Let's setup PostgreSQL:
  1. Click New, then click Database in their dropdown.
  2. Give it a name, again I chose to use appname-database as my name for it. I left the database and username field blank. I also picked the same region I plan to put everything else in. (Oregon in my case)
  3. Click Create
Once it's done creating, you'll view it and see "Internal Connection String". Copy that value, we'll use that to set it as DATABASE_URL shortly.

 Let's create our App service now
  1. Click New -> Web service
  2. Select your source code repository, don't make a mistake here, you can't change it later :(
  3. Give it a name, in my case "appname-web". Ensure it's in the same region as your Database.
  4. Update build command to be "./bin/" (no quotes!)
  5. Update Start command to be "bundle exec puma -C config/puma.rb" (no quotes!)
  6. Click Advanced
    1. NOTE: You may want to use an Environment Group instead if you also need to create a Background worker (like Sidekiq!) That will let you share these variables between the Web + Background Services (handy!)
    2. Under environment variables:
      1. Add DATABASE_URL to the value of the Internal Connection String from your Database service
      2. Add REDIS_URL as... "redis://serviceaddress:10000", aka, take the service address from your private service, and prefix it with redis:// and you'll be good to go
      3. Add a RAILS_MASTER_KEY to the value from your config/master.key or config/environmentname/master.key file (if using environment specific keys)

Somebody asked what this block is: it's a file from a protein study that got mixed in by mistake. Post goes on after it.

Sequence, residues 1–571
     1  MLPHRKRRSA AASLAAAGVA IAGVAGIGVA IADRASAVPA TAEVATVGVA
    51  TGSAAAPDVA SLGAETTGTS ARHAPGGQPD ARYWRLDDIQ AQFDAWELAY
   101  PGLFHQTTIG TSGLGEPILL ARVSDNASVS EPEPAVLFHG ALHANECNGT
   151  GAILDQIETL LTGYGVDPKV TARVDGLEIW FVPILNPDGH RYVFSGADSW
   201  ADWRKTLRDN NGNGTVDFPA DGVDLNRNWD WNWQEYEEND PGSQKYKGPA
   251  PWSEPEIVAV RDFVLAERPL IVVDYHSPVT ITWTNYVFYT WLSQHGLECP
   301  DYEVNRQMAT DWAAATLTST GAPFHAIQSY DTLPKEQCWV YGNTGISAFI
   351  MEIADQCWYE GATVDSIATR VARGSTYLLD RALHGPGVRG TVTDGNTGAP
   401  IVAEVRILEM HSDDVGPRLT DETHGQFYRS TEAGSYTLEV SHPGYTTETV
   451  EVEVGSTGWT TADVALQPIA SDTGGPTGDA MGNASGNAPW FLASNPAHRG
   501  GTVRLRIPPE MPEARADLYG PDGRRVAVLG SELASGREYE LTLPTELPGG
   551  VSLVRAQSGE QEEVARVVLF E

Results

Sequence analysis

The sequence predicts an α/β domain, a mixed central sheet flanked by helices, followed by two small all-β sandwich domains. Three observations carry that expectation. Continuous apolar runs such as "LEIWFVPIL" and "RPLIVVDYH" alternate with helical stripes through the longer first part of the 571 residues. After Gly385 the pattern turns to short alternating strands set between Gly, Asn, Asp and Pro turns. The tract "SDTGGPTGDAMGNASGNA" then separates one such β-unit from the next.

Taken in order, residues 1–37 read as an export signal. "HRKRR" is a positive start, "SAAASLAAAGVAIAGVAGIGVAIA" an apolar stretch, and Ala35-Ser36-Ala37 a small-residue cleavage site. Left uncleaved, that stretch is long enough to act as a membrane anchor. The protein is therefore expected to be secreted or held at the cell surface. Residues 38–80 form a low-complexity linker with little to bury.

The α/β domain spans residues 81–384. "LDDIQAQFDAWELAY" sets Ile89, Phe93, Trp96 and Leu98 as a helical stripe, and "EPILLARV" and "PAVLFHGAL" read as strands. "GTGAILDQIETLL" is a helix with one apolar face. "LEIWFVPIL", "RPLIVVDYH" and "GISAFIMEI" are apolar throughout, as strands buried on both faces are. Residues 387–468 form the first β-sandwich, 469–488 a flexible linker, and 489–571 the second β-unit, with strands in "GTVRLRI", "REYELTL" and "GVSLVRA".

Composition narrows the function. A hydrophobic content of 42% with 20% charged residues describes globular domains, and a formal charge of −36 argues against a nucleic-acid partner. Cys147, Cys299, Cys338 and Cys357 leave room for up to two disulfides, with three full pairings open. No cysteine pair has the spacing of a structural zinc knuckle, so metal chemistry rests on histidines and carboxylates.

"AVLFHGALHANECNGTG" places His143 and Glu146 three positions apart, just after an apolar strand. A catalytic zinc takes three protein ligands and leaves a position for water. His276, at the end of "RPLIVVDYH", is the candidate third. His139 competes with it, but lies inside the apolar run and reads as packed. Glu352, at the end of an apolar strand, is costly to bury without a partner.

4. Or if not using RAILS_MASTER_KEY, add SECRET_KEY_BASE key and set the value to whatever "rails secret" outputs in your terminal.
  7. Click Create Web Service. 
  8. Let the deploy finish, if it works successfully go try out the app, otherwise read the logs and try and do some troubleshooting. Hopefully it works though! 🎉
  9. Assuming it worked, go configure your Custom Domain in Settings on your Web service! Then your app can respond to both the domain + your custom domains! 

Overall thoughts

Render wasn't as quick for me to setup, but it still was faster than doing all of the setup myself. I do wish they had a managed Redis instance, as I have no idea how I'd do a Redis update for my service I just deployed, or if doing so would make me loose data.

Note: This is highly opinionated, and I realize Render is a small team, and it will take time for them to come up to the same level as Heroku (which I've used for years and years). Take this with a grain of salt, what is a Pro or Con for me, may actually be the opposite for you! Try it out!

Pro: Shell access from the browser, the terminal in the browser feels snappy. A+ job there. Felt like I really had an SSH session open, and wasn't limited with what I could do. I even 'vim'd a file, even though I don't think it did anything since there's not a restart option.